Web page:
Estimates postulate that there will be 132,700 new cases of colorectal cancer in the United States in 2015, and about 49,700 people will lose their lives to this disease. Worldwide, colorectal cancer is the cause of approximately 700,000 deaths each year.

Internist and gastroenterologist Dr. Frank Malkin expressed optimism regarding genetic research into colorectal cancer.  He said in an interview with the medical news service, Healthline: “They’ve identified a suppressor gene that can turn a tumor on and off. It can suppress the cancer and destroy it rapidly. That’s very promising.”

Cancers are normally treated with a combination of surgery, chemotherapy, and radiation.  These rather harsh treatments can take a lasting toll.  Easier and more effective treatments could change the lives of cancer patients.

Michelle Gordon, D.O., FACOS, FACS, finds it encouraging. “If this treatment is to be believed, all current modalities will be obsolete.”

However, Malkin and Gordon both cautioned that it is simply too early to bring this strategy to the clinic to treat human patients.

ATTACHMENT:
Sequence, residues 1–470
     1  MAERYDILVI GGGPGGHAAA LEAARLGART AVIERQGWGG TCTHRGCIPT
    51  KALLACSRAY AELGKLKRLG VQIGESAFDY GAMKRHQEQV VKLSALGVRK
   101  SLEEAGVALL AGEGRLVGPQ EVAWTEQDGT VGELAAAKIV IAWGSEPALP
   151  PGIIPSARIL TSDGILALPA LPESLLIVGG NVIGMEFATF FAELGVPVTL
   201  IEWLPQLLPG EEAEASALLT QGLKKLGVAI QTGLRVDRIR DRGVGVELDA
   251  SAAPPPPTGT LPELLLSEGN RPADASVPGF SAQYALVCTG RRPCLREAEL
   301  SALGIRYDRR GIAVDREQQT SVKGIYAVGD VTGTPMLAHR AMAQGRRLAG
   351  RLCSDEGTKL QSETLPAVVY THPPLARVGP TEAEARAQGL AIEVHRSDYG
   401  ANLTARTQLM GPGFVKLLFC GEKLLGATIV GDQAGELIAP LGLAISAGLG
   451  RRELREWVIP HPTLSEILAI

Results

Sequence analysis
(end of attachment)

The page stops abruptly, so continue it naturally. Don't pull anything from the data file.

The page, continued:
“There are so many unknowns when taking a mouse model to humans,” Gordon told Healthline. “This may be the foundational step that will lead to curing most colorectal cancers. This study can provide hope to future generations of colorectal cancer [patients], but I believe a cure is decades away.”

Researchers know Apc mutations initiate colorectal cancer, but they are unsure if Apc mutations are involved in promoting tumor growth after the cancer has developed.

The next step in this work will examine the ability of Apc reactivation to affect tumors that have spread or metastasized to distant locations in the body.  Lowe and his colleagues are also hard at work to determine precisely how Apc works.  That will help scientists develop safe treatments that change cancer cells into normal cells. Such a drug could make colorectal cancer treatment easier, faster, and safer.